Brodell suggests that facilities implement policies that address some of the particular problems encountered with ambiguous prescriptions. These are some of his suggestions:1

Consider pre-printed prescription pads or a computer program.

Pre-printed prescriptions save a lot of time and eliminate many, but not all, errors. Since the drug name is printed on the pad, there is no confusion about that. The pads can be printed for a small cost, and in many cases, the drug manufacturer will provide them at no charge. The pads can be color coded for easier use. Note that some states do not allow typed prescriptions for some controlled substances.

In Brodell’s practice, he uses pre-printed prescription pads stored in each exam room. The pads cover about 150 commonly prescribed medications. There is a drawer full of them in each room, always arranged in the same manner so the doctor can find the one he wants easily. Brodell has the drug manufacturers supply the pads, and he always asks that they be printed on the "ugliest, oddest colors I can find." That helps differentiate the pads from one another so he can access them easily and further reduce the chance of confusing the pads.

"It takes just a split second to find it, pull it, adjust the prescription if necessary, and give it to the patient," he says.

Software heads off drug interactions

Computer programs offer indisputably clear printing, just as pre-printed pads do. But in addition, they can offer the ability to track all the prescriptions for a single patient and detect potential errors before they harm the patient.

Encourage physicians to let someone else do the writing.

If it is clear that a nurse or other assistant can write the prescription much more legibly than the doctor, let that person do the writing and then the doctor can check it for accuracy before signing. Brodell suggests that the designated employee can attend the patient education session and write the appropriate prescriptions as the doctor explains them to the patient.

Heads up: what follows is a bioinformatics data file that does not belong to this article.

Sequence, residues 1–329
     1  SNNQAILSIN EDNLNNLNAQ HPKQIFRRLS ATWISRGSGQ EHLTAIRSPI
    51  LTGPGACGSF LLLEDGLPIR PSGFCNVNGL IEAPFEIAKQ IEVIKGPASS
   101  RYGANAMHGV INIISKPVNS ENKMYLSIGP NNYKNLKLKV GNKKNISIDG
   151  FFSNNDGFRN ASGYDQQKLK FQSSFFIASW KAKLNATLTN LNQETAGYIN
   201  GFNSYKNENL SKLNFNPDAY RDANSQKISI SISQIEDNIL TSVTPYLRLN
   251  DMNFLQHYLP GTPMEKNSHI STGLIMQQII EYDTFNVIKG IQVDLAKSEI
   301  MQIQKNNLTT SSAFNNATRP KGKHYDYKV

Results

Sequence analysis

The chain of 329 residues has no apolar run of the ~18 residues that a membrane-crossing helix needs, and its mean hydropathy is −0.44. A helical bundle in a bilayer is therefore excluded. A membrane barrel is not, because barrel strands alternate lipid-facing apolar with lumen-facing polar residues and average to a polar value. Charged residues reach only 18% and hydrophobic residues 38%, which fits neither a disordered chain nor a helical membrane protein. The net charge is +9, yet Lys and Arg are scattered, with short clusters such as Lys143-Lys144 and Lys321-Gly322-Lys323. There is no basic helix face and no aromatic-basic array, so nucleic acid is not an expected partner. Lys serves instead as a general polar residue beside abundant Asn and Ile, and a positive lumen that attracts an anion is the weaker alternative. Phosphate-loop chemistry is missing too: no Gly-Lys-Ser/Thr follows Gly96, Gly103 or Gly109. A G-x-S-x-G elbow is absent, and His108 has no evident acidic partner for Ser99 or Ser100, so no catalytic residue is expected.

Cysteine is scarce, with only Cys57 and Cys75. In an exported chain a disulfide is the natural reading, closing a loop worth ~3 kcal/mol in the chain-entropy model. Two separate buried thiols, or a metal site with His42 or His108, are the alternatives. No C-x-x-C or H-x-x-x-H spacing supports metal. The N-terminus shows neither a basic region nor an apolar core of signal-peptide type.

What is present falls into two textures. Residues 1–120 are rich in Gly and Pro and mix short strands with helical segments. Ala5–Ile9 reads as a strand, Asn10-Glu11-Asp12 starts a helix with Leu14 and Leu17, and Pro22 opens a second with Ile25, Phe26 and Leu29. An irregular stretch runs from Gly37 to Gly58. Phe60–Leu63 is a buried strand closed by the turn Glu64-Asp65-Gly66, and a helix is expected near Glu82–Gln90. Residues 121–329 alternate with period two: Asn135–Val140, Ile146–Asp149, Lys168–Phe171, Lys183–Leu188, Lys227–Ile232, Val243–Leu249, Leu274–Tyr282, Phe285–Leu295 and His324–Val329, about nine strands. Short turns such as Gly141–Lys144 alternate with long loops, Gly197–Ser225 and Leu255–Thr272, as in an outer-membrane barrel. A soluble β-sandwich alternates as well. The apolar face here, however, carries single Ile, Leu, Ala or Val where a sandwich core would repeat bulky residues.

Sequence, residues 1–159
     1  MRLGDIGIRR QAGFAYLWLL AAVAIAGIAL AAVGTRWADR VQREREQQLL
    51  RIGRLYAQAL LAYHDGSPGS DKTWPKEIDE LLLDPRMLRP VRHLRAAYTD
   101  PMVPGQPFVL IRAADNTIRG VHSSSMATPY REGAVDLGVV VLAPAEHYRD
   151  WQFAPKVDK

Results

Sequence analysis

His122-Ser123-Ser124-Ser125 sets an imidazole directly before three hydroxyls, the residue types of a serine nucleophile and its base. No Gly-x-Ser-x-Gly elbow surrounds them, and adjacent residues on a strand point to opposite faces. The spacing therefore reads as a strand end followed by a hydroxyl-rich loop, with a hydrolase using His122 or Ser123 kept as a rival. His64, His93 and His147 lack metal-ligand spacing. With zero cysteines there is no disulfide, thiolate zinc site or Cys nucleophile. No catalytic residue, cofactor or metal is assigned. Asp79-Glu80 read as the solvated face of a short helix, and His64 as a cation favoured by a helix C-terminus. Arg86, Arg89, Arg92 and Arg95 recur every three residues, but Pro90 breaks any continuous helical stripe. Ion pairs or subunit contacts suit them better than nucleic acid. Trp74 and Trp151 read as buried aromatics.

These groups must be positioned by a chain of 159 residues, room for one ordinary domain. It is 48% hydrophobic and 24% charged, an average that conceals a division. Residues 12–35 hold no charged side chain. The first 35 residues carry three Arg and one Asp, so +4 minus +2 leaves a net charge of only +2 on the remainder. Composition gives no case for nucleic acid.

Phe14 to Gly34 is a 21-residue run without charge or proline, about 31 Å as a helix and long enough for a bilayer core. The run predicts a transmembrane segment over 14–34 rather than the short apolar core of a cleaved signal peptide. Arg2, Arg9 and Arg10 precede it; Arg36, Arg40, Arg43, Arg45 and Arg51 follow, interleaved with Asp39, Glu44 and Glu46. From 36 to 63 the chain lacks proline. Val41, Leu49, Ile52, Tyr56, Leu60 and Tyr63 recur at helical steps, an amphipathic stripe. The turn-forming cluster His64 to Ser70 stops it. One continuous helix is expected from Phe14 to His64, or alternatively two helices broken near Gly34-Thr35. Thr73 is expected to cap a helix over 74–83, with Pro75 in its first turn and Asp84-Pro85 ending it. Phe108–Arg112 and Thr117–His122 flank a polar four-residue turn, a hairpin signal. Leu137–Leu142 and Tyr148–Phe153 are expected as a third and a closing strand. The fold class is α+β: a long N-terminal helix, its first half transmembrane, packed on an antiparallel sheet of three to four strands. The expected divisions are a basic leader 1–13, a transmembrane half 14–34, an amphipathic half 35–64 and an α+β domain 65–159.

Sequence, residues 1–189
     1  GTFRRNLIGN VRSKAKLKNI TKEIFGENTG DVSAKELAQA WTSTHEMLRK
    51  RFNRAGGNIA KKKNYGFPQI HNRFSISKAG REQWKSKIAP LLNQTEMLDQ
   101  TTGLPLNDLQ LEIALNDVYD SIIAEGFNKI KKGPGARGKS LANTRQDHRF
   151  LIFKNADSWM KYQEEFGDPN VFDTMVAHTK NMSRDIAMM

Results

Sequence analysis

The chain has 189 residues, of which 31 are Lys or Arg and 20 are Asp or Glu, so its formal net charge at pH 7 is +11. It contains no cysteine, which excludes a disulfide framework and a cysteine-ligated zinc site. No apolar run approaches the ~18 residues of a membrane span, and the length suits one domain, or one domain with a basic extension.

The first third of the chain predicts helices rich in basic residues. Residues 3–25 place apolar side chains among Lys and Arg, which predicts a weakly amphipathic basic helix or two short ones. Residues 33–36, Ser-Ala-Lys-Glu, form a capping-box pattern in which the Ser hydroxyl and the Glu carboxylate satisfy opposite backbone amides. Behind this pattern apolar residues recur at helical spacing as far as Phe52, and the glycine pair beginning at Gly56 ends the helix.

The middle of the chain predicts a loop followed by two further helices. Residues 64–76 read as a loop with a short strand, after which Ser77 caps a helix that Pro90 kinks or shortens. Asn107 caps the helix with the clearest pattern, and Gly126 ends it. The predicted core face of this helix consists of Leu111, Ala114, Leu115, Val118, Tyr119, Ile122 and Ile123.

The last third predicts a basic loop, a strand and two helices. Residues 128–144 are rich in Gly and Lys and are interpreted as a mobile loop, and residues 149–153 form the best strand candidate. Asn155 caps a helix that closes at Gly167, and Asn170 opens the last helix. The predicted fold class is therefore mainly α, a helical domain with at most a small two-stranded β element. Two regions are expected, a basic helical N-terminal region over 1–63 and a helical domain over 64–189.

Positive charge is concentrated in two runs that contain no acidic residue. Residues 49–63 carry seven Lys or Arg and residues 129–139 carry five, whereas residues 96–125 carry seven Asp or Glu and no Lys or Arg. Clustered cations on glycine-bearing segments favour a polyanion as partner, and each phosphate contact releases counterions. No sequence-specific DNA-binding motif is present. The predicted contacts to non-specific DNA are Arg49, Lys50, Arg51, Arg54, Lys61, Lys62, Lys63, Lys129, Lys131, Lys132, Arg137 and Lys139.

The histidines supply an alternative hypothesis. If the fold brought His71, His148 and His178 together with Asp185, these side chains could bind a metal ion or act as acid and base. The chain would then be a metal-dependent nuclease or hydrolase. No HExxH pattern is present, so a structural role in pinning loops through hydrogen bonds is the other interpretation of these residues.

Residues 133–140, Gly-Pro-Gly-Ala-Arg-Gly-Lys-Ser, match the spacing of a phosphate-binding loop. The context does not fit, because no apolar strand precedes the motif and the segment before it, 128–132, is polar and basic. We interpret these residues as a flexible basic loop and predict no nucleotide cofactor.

Urge doctors to print.

Almost everyone prints more clearly than they write in cursive.

Remind staff to use abbreviations and numerals very carefully.

For instance, they always should spell out the word units. When in doubt, spell out the instructions instead of using abbreviations.

The dosage is easily confused on some prescriptions. To minimize errors, do not use trailing zeros, the one that you would place after a decimal point. But do use a leading zero, the one you would place before a decimal point.

So you should write a prescription as 3 cc, not 3.0 cc. If the decimal were overlooked, the dosage could be seen as 30 cc.

And you should write 0.5 cc, not .5 cc. If the decimal were overlooked, the dosage could be read as 5 cc.

Encourage pharmacists and others to question prescriptions.

Malpractice cases often involve tragic errors that could have been prevented if someone had just spoken up. Pharmacists who think the prescription is wrong or nurses who think they are about to administer too much medication should feel free to double-check with the doctor before proceeding.

"Physician handwriting is the genesis of the problem, but there might be other people in the office who see an illegible prescription and let it go by," he explains. "It gets worse if the pharmacist can’t read the prescription but fills it anyway, or if the pharmacist thinks there’s something wrong with the dose and still fills it. Then there can be a problem if the doctor’s office makes the pharmacist uncomfortable when he or she calls to ask about it."